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Army to revive ship-killing mission with RIMPAC test

The Army this summer will test a capability it first prepared for in Hawaii more than 100 years ago: the ability to sink a ship at sea from the shore.

During the big Rim of the Pacific exercise held every other year, U.S. Army Pacific is expected to fire a Naval Strike Missile from Kauai at either the decommissioned frigate USS McClusky or the retired tank landing ship USS Racine.

“It is a big deal for them (the Army) because it puts them back in the maritime strike mission,” said Carl Schuster, a retired Navy captain and adjunct professor at Hawaii Pacific University.

Japan also is expected to target a ship with a shore-based missile during RIMPAC.

In the early 1900s the Army created a “ring of steel’ around Oahu with big coastal guns to defend against enemy battleships that never came.

It was the fear of a Japanese attack by sea following the 1904-05 Russo-Japanese War that prompted the buildup. World War II and the success of air power — ably demonstrated by Japan on Dec. 7, 1941, at Pearl Harbor — spelled an end to the Coast Artillery Corps by 1950.

Adm. Harry Harris, head of U.S. Pacific Command on Oahu, said in May 2016 that it was time for the Army to get “back in the coastal defense game, in a completely new way.”

The desire to limit the ability of potential adversaries such as China to maneuver at sea through choke points in Asia — and do it with systems that are mobile and harder to target — is now prompting the examination of Army land-based missiles for sea-based threats.

The Marine Corps is seeking a similar ship-killing capability.

“Countries like China, Iran and Russia are challenging our ability to project power ashore, from the sea, through ever-more sophisticated anti-ship missiles. More and more, adversary rocket forces are projecting power over the water in order to protect their control on land,” Harris said at the 2016 Association of the U.S. Army’s Institute of Land Warfare LANPAC symposium in Honolulu.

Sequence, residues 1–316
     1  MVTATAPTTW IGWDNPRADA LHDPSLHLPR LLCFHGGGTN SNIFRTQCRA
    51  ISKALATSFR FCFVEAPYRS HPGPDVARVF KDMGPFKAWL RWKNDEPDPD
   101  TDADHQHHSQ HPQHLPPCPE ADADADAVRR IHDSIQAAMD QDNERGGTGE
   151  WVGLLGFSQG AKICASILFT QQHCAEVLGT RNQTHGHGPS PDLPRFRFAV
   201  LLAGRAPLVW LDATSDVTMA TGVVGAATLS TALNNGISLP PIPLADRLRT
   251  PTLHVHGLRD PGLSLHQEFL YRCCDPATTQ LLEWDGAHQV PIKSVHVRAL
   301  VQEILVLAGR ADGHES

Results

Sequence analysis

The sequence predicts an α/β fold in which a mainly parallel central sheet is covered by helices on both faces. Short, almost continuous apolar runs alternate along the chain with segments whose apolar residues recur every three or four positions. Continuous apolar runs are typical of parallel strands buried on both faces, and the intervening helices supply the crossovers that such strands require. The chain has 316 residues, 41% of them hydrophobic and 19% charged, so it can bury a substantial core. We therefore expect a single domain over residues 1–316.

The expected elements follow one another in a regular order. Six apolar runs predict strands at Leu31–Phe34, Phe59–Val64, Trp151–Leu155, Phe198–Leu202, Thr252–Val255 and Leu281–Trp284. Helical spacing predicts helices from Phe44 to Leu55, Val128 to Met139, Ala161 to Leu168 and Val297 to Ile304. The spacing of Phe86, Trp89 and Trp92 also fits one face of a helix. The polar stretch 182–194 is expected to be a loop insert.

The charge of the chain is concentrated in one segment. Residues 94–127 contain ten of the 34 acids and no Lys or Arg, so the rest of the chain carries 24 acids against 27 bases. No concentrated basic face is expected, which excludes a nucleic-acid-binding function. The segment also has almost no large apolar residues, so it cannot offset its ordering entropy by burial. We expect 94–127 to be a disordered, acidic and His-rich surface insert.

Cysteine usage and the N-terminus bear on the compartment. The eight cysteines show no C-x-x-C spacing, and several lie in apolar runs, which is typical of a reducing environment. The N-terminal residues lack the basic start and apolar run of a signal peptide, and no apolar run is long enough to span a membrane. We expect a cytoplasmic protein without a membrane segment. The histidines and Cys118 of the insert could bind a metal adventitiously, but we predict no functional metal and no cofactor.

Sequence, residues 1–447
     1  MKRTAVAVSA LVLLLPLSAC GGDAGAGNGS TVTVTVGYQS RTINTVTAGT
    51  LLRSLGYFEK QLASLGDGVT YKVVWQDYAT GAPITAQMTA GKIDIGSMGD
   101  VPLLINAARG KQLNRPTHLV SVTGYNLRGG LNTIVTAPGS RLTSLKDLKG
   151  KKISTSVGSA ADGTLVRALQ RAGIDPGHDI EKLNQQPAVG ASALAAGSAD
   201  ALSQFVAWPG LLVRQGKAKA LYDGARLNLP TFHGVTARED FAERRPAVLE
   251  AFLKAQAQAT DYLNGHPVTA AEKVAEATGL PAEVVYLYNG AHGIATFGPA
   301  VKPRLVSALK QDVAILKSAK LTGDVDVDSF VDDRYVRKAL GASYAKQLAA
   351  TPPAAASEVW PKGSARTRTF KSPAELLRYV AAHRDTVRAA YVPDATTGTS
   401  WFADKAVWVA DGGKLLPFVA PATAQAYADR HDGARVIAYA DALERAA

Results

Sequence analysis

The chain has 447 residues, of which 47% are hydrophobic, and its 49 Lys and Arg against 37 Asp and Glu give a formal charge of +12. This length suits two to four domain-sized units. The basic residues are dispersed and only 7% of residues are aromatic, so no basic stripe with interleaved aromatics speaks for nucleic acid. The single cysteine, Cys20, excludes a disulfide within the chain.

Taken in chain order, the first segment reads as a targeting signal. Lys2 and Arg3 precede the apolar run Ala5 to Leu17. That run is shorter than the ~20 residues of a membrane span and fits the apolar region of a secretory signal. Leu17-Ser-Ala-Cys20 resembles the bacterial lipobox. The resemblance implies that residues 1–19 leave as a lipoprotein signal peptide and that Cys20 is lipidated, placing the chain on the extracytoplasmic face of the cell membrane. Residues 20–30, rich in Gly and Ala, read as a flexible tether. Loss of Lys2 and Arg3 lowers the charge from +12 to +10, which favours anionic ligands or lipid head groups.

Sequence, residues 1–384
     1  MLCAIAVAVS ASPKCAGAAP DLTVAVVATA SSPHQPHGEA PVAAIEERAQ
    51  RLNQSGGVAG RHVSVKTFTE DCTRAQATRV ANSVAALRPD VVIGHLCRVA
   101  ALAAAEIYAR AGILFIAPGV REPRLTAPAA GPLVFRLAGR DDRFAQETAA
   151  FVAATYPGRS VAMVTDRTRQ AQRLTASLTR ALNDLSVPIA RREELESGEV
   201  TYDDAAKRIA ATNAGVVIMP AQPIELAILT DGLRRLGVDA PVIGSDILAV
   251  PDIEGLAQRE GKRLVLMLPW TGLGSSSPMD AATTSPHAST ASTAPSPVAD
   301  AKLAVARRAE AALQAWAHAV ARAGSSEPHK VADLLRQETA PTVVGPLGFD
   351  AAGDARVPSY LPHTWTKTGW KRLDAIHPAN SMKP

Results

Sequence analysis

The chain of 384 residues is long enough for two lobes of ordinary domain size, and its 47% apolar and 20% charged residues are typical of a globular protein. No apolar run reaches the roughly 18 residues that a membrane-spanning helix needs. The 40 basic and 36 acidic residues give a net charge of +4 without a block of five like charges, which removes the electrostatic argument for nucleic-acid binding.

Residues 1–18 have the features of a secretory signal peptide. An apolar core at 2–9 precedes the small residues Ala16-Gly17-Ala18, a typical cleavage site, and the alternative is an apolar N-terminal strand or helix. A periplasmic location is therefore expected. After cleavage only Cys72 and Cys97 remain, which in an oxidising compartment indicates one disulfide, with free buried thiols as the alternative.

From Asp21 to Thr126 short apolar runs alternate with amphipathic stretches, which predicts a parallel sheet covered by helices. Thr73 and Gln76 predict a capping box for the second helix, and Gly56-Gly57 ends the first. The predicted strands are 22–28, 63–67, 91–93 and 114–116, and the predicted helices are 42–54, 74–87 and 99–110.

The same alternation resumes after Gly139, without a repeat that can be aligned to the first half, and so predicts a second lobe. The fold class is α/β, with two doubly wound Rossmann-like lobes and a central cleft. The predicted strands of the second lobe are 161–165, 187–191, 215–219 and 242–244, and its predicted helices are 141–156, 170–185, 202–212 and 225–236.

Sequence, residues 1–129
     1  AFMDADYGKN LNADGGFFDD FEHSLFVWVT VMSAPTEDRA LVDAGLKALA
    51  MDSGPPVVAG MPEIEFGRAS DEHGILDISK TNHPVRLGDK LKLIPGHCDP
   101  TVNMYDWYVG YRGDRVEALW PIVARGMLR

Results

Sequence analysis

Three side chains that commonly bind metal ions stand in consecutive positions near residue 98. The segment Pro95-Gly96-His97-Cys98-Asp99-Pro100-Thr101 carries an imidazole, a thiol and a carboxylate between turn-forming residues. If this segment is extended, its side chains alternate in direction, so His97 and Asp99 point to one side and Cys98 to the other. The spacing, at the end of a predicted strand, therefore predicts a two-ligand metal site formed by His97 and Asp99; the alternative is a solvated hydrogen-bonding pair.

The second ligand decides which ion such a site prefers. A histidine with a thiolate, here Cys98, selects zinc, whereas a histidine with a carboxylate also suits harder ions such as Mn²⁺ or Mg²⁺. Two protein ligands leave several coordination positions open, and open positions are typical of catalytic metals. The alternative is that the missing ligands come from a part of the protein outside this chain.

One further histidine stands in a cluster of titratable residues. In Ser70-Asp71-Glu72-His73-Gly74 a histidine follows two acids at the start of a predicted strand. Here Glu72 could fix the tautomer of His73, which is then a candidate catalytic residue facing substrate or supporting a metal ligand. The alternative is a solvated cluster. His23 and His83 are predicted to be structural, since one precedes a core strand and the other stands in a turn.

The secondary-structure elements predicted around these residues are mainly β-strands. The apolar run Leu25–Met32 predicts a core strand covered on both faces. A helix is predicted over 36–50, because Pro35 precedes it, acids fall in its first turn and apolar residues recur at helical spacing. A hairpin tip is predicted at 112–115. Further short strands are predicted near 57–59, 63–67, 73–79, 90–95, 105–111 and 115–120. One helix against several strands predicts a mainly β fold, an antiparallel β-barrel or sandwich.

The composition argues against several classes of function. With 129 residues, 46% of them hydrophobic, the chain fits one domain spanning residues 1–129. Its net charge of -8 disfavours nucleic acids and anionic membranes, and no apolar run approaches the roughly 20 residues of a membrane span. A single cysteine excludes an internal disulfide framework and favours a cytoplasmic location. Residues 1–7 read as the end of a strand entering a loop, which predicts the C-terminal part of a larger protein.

The United States is now playing catch-up. Harris said the Army could look to the truck-mounted High Mobility Artillery Rocket System, known as HIMARS, “to keep at risk the enemy’s navy, (and) not only the enemy’s land.”

The old-time batteries at Fort Kamehameha in Hawaii were built to defend against the maritime threat. “Fort Kamehameha hasn’t moved an inch since it was built, but what we need today is a Fort HIMARS — a highly mobile, networked, lethal weapon system with long reach,” Harris said.

Schuster said although the Pacific is the world’s largest ocean, its most important strategic maritime areas can be accessed only through island chains or maritime choke points — from which land-based missile forces can operate.

The Army is approaching this new capability via what it calls Multi-Domain Battle, which is described as a coordinated Army and Marine Corps ground combat effort against a peer enemy across land, air, maritime, space and cyberspace domains, exploiting windows of opportunity on a rapidly moving battlefield.

Having the Army target ships at sea would give the Navy and Marine Corps more room to operate.

U.S. Army Pacific, headquartered at Fort Shafter, said it will engage a naval target with a shore-based Naval Strike Missile during RIMPAC, typically held through July. The missile will be launched from the Pacific Missile Range Facility on Kauai from a standard Heavy Expanded Mobility Tactical Truck, known as a HEMMT, the service said.

“It is palletized on the bed of the HEMMT like any other palletized system,” the Army said in an email.

The Navy’s 3rd Fleet in San Diego, which plans RIMPAC, said the frigate McClusky and tank landing ship Racine will be sunk during the maritime exercise.

Two years ago Harris, the Pacific commander, “challenged Army leaders in the Pacific to operate outside traditional Army domains,” said Col. Christopher Garver, a U.S. Army Pacific spokesman. “In response to this challenge, U.S. Army Pacific has been working diligently with other Army commands and our joint partners to develop the technical expertise and systems to engage a naval target with a long-range precision strike missile.”

All 26 nations that participated in RIMPAC 2016, including China, have been invited to return for RIMPAC 2018, the Navy said.

The Naval Strike Missile, provided by Raytheon and Norway’s Kongsberg, is a long-range, precision weapon that uses an advanced seeker and can find and destroy enemy ships at distances up to 115 miles.

In 2014 during RIMPAC, a Naval Strike Missile was fired by a Norwegian frigate at the retired 569-foot amphibious transport dock ship USS Ogden 63 miles northwest of Kauai.

The Army’s Tactical Missile System is among weapons also being explored as anti-ship missiles. With modifications, the 13-foot truck-launched rocket can fly 190 miles and dive into a target at Mach 3.

Harris acknowledged in May that technical and cultural challenges exist in developing Army-Navy anti-ship missile capabilities. But he imagined a future in which the best ordnance for a target located by a Navy sensor could come from an Army shooter. Or vice versa.

Either way, “target sharing between a distributed network of sensors and shooters is the future I believe that we must drive toward,” he said.

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© 2018 The Honolulu Star-Advertiser

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